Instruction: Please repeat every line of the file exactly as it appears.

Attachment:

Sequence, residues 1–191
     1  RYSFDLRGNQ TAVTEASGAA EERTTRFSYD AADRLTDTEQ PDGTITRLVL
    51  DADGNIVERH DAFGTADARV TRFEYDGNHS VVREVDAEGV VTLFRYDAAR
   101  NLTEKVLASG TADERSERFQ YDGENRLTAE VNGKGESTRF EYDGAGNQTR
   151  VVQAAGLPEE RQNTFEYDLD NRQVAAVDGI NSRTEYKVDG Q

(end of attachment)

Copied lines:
Sequence, residues 1–191
     1  RYSFDLRGNQ TAVTEASGAA EERTTRFSYD AADRLTDTEQ PDGTITRLVL
    51  DADGNIVERH DAFGTADARV TRFEYDGNHS VVREVDAEGV VTLFRYDAAR
   101  NLTEKVLASG TADERSERFQ YDGENRLTAE VNGKGESTRF EYDGAGNQTR
   151  VVQAAGLPEE RQNTFEYDLD NRQVAAVDGI NSRTEYKVDG Q